upheld as fair as he lacked the necessary aptitude and mental quality for
performing the full range of roles required of a manager. The problem with his
intransigent attitude was such that a warning would have been pointless.
Dismissed following a single act
Alidair Ltd v Taylor, 1978, ICR 445, CA
A was a pilot who crashed his plane on landing it. He was
dismissed on the grounds of incapability of carrying out the job he was
employed to do since the consequences of the single act of negligence were
catastrophic. According to Lord Denning, "Whenever a man is dismissed for
incapacity or incompetence it is sufficient that the employer honestly believes
on reasonable grounds that the man is incapable or incompetent. It is not
necessary for the employer to prove that he is in fact incapable or
incompetent." Two elements must be satisfied:
– is there an genuine belief by the employer in the employee’s
lack of competence or aptitude for the job?
– are there reasonable grounds for such a belief?
The tribunal must consider whether the employer formed its view
on the basis of adequate evidence and must not substitute its own view of the employee’s
competence. Thus, it is up to the employer to produce adequate evidence to
justify both the dismissal and to show that it was within a range of reasonable
responses to the offence committed. In this case, although there was only one
offence committed and the pilot’s previous employment history was unblemished,
there were sufficient grounds for the employer to consider him incompetent to
carry out the job he was employed to do. As a question of procedure, A was fully informed of the charges against
him and he was given full opportunities to explain his conduct. One spectacular
act of incompetence was sufficient grounds for a fair dismissal.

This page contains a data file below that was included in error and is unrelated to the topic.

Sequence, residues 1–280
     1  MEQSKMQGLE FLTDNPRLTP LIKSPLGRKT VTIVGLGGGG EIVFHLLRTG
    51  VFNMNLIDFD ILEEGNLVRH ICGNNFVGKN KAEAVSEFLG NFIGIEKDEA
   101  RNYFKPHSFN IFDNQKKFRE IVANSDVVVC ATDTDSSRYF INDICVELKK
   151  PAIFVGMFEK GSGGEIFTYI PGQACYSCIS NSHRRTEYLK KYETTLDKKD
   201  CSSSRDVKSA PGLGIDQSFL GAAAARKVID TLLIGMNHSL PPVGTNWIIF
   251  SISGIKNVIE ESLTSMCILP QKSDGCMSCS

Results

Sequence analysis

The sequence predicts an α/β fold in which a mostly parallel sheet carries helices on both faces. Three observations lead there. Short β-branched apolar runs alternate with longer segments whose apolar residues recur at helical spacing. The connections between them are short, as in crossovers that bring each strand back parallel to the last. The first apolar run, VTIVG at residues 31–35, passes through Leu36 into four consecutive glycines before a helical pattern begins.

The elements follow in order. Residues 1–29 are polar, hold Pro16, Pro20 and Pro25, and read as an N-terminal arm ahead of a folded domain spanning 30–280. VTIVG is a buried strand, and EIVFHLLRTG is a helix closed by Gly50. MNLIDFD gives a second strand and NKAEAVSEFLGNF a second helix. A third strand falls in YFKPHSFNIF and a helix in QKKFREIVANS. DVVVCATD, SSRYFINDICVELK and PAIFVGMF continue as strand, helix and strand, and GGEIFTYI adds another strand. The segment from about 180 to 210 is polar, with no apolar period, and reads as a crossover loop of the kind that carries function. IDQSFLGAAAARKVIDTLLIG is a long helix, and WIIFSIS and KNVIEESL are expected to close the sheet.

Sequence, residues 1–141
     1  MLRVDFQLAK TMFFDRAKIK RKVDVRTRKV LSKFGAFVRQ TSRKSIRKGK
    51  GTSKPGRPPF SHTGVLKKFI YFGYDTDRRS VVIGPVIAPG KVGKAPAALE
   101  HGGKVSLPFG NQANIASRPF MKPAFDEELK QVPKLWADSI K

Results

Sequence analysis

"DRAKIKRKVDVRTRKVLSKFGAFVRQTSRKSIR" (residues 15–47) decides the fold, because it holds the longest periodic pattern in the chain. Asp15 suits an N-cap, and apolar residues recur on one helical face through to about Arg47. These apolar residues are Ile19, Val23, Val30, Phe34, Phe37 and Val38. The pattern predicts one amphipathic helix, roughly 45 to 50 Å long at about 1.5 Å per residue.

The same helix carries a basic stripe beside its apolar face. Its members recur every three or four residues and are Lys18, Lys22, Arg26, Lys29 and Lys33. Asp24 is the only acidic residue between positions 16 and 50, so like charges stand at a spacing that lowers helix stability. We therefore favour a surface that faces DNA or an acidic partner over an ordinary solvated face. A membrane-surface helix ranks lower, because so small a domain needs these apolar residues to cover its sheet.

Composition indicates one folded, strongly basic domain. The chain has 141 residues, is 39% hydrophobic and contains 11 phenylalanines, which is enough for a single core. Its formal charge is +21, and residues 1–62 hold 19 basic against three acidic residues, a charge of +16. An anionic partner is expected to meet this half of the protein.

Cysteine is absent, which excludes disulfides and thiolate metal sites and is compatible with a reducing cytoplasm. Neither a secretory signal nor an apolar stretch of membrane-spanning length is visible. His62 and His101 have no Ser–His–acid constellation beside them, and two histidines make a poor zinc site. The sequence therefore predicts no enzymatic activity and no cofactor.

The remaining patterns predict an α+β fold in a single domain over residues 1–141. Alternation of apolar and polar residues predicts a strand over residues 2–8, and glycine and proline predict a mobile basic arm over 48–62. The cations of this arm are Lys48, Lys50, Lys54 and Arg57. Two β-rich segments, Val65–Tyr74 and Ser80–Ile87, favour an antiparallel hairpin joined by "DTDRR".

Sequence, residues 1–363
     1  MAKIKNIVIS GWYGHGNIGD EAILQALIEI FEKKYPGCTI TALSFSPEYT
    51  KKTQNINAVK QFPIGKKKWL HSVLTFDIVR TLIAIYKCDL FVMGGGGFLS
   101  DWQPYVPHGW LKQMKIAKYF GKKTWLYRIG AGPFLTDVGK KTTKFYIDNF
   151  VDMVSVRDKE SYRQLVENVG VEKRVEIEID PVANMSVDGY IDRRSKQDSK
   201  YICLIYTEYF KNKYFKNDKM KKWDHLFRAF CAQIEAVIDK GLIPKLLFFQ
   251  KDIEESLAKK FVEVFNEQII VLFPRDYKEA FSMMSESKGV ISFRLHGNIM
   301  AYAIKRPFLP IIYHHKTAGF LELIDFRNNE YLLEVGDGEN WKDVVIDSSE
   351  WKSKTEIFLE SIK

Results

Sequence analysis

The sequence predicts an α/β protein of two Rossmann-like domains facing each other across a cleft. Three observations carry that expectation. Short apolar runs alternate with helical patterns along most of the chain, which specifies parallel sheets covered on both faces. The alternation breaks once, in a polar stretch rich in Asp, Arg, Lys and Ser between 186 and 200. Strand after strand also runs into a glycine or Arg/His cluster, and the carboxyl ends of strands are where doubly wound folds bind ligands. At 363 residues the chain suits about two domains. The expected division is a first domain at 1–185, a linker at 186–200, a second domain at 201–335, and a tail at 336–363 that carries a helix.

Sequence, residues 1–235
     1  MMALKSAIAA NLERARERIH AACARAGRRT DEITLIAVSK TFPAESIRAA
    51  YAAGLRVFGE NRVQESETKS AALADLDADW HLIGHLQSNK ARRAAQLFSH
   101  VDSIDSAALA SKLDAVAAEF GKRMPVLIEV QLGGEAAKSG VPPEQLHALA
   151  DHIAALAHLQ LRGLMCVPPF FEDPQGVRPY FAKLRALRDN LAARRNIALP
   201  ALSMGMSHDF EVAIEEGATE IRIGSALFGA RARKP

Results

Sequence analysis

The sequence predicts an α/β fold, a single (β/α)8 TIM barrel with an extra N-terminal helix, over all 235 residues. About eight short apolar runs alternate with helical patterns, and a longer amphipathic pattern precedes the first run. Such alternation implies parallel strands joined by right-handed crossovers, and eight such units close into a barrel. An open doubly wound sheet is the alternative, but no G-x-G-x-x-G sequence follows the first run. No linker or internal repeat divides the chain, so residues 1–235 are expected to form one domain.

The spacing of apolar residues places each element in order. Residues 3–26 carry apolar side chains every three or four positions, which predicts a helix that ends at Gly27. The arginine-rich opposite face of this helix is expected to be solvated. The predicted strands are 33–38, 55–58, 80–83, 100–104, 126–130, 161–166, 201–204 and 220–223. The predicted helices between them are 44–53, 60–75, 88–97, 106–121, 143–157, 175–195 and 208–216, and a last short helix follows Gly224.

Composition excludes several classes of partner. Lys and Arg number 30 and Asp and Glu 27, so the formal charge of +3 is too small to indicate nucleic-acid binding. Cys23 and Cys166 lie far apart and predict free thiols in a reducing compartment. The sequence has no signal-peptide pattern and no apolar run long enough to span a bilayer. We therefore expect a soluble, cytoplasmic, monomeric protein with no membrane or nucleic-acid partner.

A case of constructive dismissal
Dutton & Clark Ltd v Daly, 1985, IRLR 363
D resigned and claimed constructive dismissal after he had been
the victim of an attack by a fellow employee. The employer is under a duty of
care under the criminal law (Health and Safety at Work Act 1974, s.2) and a
common law to ensure that the employee is offered a safe place and system of
work. Any bullying case carries the potential for a claim for damages by the
victim in addition to compensation for violation of employment rights. The
bully is most likely to be carrying out an act or acts of gross misconduct, but
may be doing so to cover up his/her own incompetence. The employer is required
to maintain and monitor a safe workplace to ensure that the employee is able to
perform his/her contractual duties without risk to health.
Liability in stress cases
Sutherland (Chairman of the Governors of St Thomas Becket RC High
School) v Hatton, Somerset County Council v Barber, Sandwell Metropolitan
Council v Jones and Baker Refractories Ltd v Bishop, 2002, IRLR 263
The main factors the courts will consider in determining
liability in "stress" cases are:
– there are no special control mechanisms for
"stress" – ordinary employer liability applies
– the employer will be liable if the harm was reasonably
– subject to causation, there must be an identifiable injury to
health(ie, a diagnosed illness)
– causation must be established: any diagnosed illness must be
attributable to stress at work
– the court will look at what the employer knew or ought to
have known about the alleged stress factors
– foreseeability depends on what the employer knows or ought to
have known about the individual. It may be harder to foresee mental disorders
than physical, unless other factors pertain, such as known vulnerability
– the test applies whatever the occupation
– risk assessments should cover objective and subjective
criteria (that is covering the perspective of employer and employee)
– a full risk assessment will take note of external factors
that might increase the employee’s vulnerability to stress, including domestic
and social factors so that these may be excluded from litigation
– employers who take steps to reduce stress and offer
confidential advice services, such as occupational health and counselling
services to employees, are less likely to be found to be in breach of the duty